• Hearing people bitch about being pregnant with perfectly healthy babies. Maybe they got pregnant (again!) sooner than they had expected, or maybe they wanted a different gender or season for the birth. Cry me a river, darling. I would (just about) kill to be in your shoes.
  • Being told there is nothing wrong with me. Western medicine has looked me up and down, taken me apart and reassembled me and confirmed that I'm perfectly healthy, nowhere near menopause, and ovulating like a rabbit. This makes my mysterious lack of pregnancy entirely mental, spiritual, or (my favorite) An Act of God.

The More Interesting List of Things That Do Not Trigger Me
  • Attending births. Yup. I have an explicit role at a birth. I get to channel my inner Lorax, my bookworm, my medical anthropologist and my med school drop out. It's like Christmas every time!
  • Owning a prenatal yoga studio. It's birth and babies all around this place, and nothing makes me happier than teaching prenatal yoga classes, postpartum yoga classes, breastfeeding classes, or chitty chatting with people about parenthood. I know a lot and love to share it. I explain things in a way that people understand and remember.
  • Holding babies. As it turns out, they love me (and I love them, too). They're precious, adorable, and not yet totally fucked up by this world. It doesn't make me achey or sad in the slightest. Promise.

Mother's Day is hard for me. I hate it, actually, because it is one of those greeting card, shit-eating holidays. I'm supposed to buy my mom bacon and eggs. Or flowers. Or get a pedicure with her. Or celebrate our unique bond. And I can't do that without also realizing that I'm 34 and despite my incessant ovulation and promiscuity, this appears to be the only side of motherhood I'll get to experience in my life.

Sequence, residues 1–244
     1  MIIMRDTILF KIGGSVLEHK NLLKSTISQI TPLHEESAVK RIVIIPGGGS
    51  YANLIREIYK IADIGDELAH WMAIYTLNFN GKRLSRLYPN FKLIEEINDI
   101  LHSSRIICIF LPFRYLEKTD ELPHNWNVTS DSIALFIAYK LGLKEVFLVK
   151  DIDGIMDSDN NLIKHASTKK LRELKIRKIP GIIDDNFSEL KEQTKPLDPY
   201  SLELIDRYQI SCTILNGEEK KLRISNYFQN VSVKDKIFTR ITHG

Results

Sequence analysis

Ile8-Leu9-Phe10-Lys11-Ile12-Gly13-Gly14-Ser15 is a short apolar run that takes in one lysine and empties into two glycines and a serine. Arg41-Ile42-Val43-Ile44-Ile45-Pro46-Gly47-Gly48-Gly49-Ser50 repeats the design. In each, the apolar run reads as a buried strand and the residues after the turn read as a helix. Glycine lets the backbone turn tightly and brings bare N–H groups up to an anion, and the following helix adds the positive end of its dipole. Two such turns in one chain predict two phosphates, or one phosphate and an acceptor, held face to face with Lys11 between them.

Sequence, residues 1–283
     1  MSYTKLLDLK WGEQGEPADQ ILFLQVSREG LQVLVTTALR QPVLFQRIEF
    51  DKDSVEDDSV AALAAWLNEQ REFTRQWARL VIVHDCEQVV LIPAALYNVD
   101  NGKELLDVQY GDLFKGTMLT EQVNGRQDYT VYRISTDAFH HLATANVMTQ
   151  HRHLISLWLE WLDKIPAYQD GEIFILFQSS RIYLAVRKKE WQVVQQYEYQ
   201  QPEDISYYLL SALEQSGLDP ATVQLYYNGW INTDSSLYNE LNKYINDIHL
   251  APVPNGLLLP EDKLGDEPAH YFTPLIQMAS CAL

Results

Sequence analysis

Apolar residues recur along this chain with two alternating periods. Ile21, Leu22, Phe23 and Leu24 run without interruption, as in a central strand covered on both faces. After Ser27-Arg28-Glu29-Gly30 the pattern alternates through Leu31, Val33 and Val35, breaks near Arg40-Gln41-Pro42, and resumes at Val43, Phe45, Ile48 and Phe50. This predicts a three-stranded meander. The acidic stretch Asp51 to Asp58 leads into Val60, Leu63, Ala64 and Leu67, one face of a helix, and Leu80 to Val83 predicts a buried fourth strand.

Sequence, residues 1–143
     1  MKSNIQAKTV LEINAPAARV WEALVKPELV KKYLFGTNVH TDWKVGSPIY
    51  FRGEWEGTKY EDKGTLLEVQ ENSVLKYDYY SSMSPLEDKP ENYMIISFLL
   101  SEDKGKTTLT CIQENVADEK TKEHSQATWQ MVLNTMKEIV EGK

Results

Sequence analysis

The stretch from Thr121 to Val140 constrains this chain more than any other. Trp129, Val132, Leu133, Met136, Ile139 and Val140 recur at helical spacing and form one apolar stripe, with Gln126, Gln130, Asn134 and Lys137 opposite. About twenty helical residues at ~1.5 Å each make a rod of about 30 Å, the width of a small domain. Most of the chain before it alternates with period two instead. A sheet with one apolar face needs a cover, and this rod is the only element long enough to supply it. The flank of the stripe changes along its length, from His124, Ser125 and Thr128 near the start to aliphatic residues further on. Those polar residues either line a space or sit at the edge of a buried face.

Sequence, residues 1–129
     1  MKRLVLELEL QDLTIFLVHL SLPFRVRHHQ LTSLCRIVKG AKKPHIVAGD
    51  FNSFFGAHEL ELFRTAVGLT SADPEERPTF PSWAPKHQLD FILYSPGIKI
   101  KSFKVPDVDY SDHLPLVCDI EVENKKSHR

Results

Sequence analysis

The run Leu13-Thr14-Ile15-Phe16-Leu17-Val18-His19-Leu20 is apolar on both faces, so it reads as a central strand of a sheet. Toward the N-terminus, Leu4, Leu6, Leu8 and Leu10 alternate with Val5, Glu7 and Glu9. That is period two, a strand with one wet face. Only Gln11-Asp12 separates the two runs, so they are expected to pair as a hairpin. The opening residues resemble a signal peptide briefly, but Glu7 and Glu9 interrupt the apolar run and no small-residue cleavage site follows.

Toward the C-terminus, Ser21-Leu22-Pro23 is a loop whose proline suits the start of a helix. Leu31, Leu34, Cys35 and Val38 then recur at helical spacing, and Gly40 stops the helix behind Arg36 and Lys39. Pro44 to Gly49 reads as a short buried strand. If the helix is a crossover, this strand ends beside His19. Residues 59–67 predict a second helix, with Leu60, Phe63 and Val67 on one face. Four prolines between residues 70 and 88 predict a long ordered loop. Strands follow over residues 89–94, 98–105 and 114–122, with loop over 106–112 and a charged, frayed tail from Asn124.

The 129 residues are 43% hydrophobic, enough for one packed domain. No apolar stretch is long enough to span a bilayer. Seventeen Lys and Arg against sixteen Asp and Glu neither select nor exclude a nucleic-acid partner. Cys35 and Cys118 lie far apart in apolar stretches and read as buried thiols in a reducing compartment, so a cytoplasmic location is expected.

My opinion of Mother's Day has been hijacked by my lack of mental health, and I'm very sorry for that. I wish I could drink mimosas with her and talk about all of her grandmotherly expectations while someone else paints our toenails.

My opinion of my mother, however, has improved greatly through this experience. About two years ago I asked her how long it took her to get pregnant with me. I mentioned we'd been trying, and I gulped hard, anxious for her story of long-awaited pregnancy, triumph over infertility, or recipe for a secret, magical cure.

First try.


Second try.


She asked me, and I lied. Awhile. And she said the sweetest, most perfect, most maternal thing she could have said.

“You can always talk to me about this. And I will never ask.”

Thanks, mama. For all the ways in which we are different, for all the ways in which you will never understand my wild spirit, my neurotic lists, my complete defiance of my genetics. Thank you for getting this: that you have the greatest capacity to kill my spirit and that instead, you showed me how much love is possible.

Happy Mother's Day.

1 comment:

  1. I can't imagine how hard your journey has been, so I won't add any cliched bs words of consolation. You are a beautifully honest writer.